Wrist Pain From Overhead Press? Find Out How To Fix Here
Has wrist pain from the overhead press ever stopped you or slowed you down in the gym? If so, you’re not alone.
Wrist pain is a common issue for anyone doing upper body exercises and can cause discomfort during your workout as well as in everyday activities.
But don’t worry – there are many ways to address this issue and keep your wrists healthy while still getting the most out of your workouts.
In this blog post, we’ll explore what causes wrist pain from overhead press and how to prevent it. Keep reading to learn more about how you can take steps to protect yourself against injury!
Wrist pain from overhead press?
Wrist pain can be caused by a number of factors, including incorrect grip width and improper form. Gripping too hard or gripping the bar with your fingers instead of your palms can also lead to pain and irritation in the wrists. Bending your wrists back (wrist extension) or using a “suicide grip” (thumbless grip) can also contribute to wrist discomfort, as you should keep your wrist in a neutral position. In addition, using too much weight or overuse during day-to-day tasks can also lead to wrist pain and even injury. Common wrist injuries which might be highlighted when doing overhead press include – carpal tunnel syndrome, wrist tendinitis, wrist impingement, muscle or tendon strain, ligament sprain, and repetitive stress causing irritation.
Why does my wrist hurt when I do overhead press? Let’s investigate a few reasons why this may be happening…
It’s new to you
If you are new to lifting and the overhead press, your wrists may be unprepared for the load and pressure that comes with it.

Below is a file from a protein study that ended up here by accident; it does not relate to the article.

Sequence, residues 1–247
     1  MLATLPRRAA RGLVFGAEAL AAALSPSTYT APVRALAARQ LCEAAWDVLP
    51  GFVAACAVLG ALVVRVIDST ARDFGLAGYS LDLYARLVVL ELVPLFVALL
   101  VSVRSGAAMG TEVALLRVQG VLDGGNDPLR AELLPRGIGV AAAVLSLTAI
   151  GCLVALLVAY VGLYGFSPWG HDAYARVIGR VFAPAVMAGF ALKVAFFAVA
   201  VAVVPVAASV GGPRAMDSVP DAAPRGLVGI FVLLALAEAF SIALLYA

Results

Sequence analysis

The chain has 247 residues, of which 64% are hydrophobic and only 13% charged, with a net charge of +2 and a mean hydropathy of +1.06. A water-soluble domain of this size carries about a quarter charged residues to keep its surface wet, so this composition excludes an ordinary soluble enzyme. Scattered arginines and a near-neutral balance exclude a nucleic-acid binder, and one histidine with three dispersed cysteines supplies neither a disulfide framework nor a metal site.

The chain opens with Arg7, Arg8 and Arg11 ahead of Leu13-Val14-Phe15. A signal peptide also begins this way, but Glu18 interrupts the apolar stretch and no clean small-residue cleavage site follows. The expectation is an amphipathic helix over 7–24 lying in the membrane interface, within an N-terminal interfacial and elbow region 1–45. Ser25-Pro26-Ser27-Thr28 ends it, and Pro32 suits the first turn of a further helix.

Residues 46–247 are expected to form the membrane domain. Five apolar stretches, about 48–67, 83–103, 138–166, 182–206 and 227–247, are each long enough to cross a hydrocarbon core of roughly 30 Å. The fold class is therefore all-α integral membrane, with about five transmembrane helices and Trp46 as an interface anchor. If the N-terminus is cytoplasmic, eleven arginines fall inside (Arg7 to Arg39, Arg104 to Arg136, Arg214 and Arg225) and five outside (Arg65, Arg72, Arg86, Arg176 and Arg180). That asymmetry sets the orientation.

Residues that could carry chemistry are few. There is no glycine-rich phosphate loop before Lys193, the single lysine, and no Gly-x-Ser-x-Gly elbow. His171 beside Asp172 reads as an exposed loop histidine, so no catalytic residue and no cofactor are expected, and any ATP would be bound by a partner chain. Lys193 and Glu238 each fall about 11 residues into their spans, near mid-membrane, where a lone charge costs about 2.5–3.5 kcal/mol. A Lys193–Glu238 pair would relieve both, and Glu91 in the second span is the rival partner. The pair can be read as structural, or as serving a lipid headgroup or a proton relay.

Wrist strength is a key component of this lift and when you don’t have adequate grip strength, stabilizing the bar can become difficult.
When first starting out, it’s important to find the right weight for you and focus on form. Your wrists might not have the adequate strength to handle heavier weights, so easing into things is beneficial.
Your grip strength might also not be up to the task straight away, so it’s important to be aware of this. Wrist curls and other grip-strengthening exercises are good places to start in order to build up your grip strength.
If you haven’t really done any kind of lifting before, then your body is going to take some time to get used to the new movements and weights.
The new stimulus can be a shock to the system and your wrists may not be able to handle it at first because you haven’t done this kind of thing in a while (or ever).
If lifting is new to you, your body is going to take a little bit of time to get used to the new movements and weights, so don’t be discouraged if it takes a while to get there.
After a few weeks of really focusing on form and slowly increasing the weight, your body will start to adapt and you’ll find that your wrists will be more prepared for the overhead press.
Grip width is another factor that can cause wrist pain when doing an overhead press. A wide grip puts more stress on your wrists as you move the bar overhead.
This is because it’s harder to stabilize the bar and keep it in line with your shoulders.
To prevent wrist pain, you should use a narrower grip which will be more comfortable and help you keep the bar closer to your body.
Make sure you are gripping the bar tight enough to keep it stabilized, but not so tight that it causes your wrists to bend too much.
If your grip is too narrow, this will also cause wrist pain as it increases the range of motion for your wrists and forearms and your wrists won’t be in a neutral position…they will be bent back.
Both wide and narrow grips can lead to wrist pain, so make sure that you find the right balance for your body and grip width.
Gripping too hard
It’s important to find the right balance when gripping the bar. Gripping too hard can lead to wrist pain due to the extra tension on your wrists.
For example, if you clench your fist as hard as you can, see how long you can do so before your wrists start to fatigue and hurt.
Now, compare that to your grip strength when doing an overhead press. If you’re gripping the bar too hard and holding onto it too tightly, then this could be the cause of your wrist pain.